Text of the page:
You're basically performing a search at compile time and want to fail if something is not found. I came up with the following method where a nested function is used to return an index. The outer code calls the function to set a compile-time expression (found) and is able to check that something is found. (There are too many size_t.max's in the code; cleanup needed. :) ) struct Color { enum red = Color("red", 30); enum blue = Color("blue", 40); enum green = Color("green"); string name; int value; alias value this; } T first(T)() { import std.string : format; pragma(msg, format!"types = %s"([__traits(derivedMembers, T)])); alias fields = __traits(derivedMembers, T); auto first_() { auto result = size_t.max; static foreach(i, field; fields) { // exit on first match pragma(msg, format!"member %s"(field)); static if(is(typeof(__traits(getMember, T, field)) == T)) { pragma(msg,"yes"); if (result == size_t.max) { result = i; } } else { pragma(msg, "no"); } } return result; } enum found = first_(); import std.string : format; static assert(found != size_t.max, format!"no first member of type %s found"(T.stringof)); return __traits(getMember, T, fields[found]); } void main() { pragma(msg, first!Color); } Ali
Jan 03
parent reply Machine Code <jckj33 gmail.com> writes:
On Thursday, 3 January 2019 at 19:38:39 UTC, Ali Çehreli wrote:
 On 01/03/2019 10:49 AM, Machine Code wrote:

 I wrote a small routine to return the first member
I see that that's possible because the values of such members are known at compile time in your case. Otherwise, you would need a mechanism that would return the value of the first member for any object at runtime.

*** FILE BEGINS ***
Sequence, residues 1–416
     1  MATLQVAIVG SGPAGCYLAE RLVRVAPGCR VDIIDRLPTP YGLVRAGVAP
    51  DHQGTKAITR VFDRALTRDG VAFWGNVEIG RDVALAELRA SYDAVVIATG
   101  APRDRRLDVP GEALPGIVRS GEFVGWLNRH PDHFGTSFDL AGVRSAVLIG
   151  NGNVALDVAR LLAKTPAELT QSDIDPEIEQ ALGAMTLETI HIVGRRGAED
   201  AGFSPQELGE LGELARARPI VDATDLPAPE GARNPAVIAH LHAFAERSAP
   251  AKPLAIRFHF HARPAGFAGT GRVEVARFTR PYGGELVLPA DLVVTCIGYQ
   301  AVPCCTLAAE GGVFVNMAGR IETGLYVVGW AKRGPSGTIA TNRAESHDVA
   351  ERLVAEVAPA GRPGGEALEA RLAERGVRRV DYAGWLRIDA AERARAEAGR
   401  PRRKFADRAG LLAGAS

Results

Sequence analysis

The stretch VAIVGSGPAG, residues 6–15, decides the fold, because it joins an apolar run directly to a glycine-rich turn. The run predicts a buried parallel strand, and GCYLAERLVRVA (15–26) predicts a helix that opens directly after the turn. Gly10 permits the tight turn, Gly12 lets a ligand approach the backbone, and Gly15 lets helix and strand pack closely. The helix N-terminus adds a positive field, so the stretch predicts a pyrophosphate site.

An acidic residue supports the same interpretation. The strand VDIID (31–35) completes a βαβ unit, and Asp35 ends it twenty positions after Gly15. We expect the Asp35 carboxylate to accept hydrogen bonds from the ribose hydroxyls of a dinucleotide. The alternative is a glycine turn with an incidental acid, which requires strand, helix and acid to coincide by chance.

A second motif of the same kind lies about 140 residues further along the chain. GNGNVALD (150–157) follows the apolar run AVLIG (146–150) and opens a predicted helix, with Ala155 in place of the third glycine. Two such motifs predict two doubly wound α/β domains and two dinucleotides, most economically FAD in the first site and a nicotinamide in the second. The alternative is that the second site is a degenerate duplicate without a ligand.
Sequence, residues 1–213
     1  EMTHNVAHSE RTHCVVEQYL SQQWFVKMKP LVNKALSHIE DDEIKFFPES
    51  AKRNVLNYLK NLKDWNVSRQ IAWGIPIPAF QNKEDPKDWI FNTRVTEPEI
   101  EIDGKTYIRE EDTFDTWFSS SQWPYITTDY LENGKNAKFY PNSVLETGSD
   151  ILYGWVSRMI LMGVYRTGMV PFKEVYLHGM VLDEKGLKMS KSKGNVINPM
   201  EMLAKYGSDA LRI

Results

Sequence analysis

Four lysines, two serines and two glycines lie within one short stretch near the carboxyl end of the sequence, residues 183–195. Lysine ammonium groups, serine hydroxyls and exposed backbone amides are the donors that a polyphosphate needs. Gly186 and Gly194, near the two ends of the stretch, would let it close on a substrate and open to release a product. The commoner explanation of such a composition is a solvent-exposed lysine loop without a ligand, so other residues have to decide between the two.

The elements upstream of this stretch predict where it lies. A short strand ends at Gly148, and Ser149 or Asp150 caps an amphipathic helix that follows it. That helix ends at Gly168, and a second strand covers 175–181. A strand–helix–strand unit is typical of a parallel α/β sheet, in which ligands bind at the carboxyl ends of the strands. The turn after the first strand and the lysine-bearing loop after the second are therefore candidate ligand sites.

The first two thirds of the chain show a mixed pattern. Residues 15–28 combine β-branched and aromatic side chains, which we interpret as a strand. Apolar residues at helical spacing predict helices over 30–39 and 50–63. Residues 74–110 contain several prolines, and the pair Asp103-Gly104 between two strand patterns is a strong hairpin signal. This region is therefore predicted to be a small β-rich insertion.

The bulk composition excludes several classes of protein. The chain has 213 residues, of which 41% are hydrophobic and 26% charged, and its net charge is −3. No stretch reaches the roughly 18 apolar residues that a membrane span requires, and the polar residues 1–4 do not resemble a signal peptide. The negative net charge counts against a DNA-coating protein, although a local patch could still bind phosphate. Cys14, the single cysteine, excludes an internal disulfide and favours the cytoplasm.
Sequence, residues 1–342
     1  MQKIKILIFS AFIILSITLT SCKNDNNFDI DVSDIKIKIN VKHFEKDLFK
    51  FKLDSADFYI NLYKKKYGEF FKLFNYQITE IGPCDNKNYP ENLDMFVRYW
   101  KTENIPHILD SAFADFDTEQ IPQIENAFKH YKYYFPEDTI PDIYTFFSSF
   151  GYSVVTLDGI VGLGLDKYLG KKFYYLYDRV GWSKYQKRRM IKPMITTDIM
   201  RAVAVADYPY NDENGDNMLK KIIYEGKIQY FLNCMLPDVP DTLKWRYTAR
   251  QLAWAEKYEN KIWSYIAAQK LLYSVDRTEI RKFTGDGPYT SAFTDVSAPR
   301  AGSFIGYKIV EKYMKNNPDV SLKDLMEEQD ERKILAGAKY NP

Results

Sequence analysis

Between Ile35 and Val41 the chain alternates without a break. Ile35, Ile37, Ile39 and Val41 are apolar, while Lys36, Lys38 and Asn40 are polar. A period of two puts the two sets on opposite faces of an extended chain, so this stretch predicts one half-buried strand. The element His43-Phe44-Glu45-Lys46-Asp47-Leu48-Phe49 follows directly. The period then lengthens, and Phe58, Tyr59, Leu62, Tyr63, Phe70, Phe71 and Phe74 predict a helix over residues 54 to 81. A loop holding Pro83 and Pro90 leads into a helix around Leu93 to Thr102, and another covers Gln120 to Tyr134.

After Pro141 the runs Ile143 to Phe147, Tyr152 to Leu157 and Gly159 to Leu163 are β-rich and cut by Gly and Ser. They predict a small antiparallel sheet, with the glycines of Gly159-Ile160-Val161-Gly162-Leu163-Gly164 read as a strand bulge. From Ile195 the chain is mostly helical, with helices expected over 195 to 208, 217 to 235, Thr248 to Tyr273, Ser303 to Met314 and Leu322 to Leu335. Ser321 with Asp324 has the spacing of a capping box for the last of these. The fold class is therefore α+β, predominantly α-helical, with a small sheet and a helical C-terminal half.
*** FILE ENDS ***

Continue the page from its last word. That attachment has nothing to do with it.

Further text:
of type T of a same
 type, like struct below, but the assert is reached albeit the
"yes"
 message is printed. What am I missing? should I use something
else than
 return keyword to return from a template function or what?

 struct Color
 {
      enum red = Color("red", 30);
      enum blue = Color("blue", 40);
      enum green = Color("green");

      string name;
      int value;
      alias value this;
 }

 the routine:

 T first(T)()
 {
      import std.string : format;
      pragma(msg, format!"types =
%s"([__traits(derivedMembers, T)]));
      static foreach(field; [__traits(derivedMembers, T)])
      {
          // exit on first match
          pragma(msg, format!"member %s"(field));
          static if(is(typeof(__traits(getMember, T, field))
== T))
          {
              pragma(msg, "yes");
              return __traits(getMember, T, field);
          }
          else
          {
              pragma(msg, "no");
          }
      }
      import std.string : format;
      static assert(0,
          format!"no first member of type %s
found"(T.stringof)); That will always be checked at compile time and will always fail because that line is not excluded from the compilation by another compile-time check. It is a part of the function body and the compiler will have to compile it and fail that check.
 }